The article is another perfect example of spinning facts to match your predefined conclusions.
Interesting -- but is there any relationship between the two events? Of course Apples stock bounced back the next day (by 5%), and they had already been running at near their lowest level in 11 years. So the little down spike in the day was not that significant a news event -- just a lame excuse for more misinformation and Apple bashing.
Actually the blow may have been caused because the press also reported that Steve Jobs sold all his Apple stock -- and that was driving the stock down (even though Jobs has little to do with Apples decisions, and that report has never been proven either).
Sure the NYT and others ran articles about Power Computing "leaving", and sure that did harm Apple. But Apple is more reeling from the spin rather than the stock or supposed facts. The facts of the matter are far from the spin -- Power Computing made an IPO, and became one of the fastest growing computer companies in the history of the industry (all because of the Mac). The have completely outclassed Compaq, which was the prior rapid growth title holder. So PCC has done a great job of selling Macs, and their growth proves that people want Macs (from Apple or elsewhere). But that issue is camouflaged (or dodged) by the writing.
Power Computing revealed in their filing that they are going make some PC clones, but expect that within 5 years it will still be under 20% of their total business. Yet the articles from NYT and others had titles that said "Clone maker abandons Apple". That doesn't seem to be the case. Power Computing has stated that they are going to make a few NT boxes, pre-configured as servers, to AUGMENT (not replace) their Mac business. This is to expand the Mac business into more corporations and help the Mac, Apple and Power Computing. No where is this point addressed in most of the articles that I have seen on the issue.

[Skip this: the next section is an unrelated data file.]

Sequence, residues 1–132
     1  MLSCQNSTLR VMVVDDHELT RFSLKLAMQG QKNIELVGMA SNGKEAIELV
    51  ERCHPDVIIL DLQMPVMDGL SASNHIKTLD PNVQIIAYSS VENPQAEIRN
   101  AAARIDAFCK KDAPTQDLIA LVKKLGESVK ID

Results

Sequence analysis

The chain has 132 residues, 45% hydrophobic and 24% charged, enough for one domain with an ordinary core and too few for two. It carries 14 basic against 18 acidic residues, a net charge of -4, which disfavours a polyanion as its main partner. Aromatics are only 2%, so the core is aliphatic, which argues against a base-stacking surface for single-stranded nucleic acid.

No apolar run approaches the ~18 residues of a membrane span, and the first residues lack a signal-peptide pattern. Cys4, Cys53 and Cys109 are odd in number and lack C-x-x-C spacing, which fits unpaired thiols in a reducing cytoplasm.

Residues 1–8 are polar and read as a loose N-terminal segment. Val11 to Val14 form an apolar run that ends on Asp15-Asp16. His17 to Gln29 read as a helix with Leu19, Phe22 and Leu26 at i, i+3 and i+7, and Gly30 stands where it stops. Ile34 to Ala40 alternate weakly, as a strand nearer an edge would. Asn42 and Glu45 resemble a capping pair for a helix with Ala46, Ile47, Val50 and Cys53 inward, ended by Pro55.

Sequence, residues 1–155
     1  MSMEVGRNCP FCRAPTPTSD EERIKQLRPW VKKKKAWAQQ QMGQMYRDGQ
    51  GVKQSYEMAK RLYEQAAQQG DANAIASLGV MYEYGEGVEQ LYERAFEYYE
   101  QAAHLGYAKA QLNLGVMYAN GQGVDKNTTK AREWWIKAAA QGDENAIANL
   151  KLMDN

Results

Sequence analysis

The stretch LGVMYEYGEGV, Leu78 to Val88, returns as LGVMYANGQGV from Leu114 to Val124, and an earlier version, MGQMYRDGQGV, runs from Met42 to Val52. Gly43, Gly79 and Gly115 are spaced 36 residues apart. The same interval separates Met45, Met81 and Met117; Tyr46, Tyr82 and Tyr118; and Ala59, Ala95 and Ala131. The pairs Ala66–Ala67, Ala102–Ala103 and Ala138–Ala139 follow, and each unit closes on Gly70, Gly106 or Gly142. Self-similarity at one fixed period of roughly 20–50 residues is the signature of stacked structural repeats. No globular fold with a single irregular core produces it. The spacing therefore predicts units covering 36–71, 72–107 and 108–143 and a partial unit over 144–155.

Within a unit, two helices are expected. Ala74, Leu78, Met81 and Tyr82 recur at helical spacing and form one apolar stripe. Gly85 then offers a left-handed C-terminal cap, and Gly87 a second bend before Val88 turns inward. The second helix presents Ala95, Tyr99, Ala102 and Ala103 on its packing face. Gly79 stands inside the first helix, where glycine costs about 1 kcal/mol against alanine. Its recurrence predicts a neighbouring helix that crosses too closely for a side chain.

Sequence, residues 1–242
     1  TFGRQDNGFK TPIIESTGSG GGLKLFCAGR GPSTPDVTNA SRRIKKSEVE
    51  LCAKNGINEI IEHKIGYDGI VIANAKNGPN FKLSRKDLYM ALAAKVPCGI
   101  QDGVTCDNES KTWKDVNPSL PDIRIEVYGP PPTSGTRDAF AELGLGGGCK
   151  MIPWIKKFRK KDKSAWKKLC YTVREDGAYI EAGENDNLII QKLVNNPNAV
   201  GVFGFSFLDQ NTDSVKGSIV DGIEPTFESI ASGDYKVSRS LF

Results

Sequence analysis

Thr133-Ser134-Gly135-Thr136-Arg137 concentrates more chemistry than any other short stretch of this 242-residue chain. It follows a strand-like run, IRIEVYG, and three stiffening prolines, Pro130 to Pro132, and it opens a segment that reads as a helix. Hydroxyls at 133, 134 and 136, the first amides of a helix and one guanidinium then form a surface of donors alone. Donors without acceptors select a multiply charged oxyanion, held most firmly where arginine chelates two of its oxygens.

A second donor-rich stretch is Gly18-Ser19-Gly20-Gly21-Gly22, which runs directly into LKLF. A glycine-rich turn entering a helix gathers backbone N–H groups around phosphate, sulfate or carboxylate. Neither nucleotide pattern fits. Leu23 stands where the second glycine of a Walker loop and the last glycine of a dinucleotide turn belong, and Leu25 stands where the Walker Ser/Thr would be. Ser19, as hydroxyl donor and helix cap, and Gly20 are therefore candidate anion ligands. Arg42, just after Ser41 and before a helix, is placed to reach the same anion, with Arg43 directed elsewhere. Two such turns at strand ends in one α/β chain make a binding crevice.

Yet Apple drops under two points (less than 10%), on error filled reporting, and the press spins that as "Apple is reeling".
Interesting. Peter Khang (one of the investors in PCC) started in this business by making Leading Edge -- a well known PC computer. And this rumor of PCC making PC-Clones has been known about for nearly a year now (at least since I have first heard of it) -- so it is not really news. The press has chosen to spin hard now, while PCC is under an FTC gag-rule (dealing with IPO's) and can not respond -- which is also timed with Apples corporate gag-rule having to do with complying with FTC rules and quarterly reports. Interesting timing.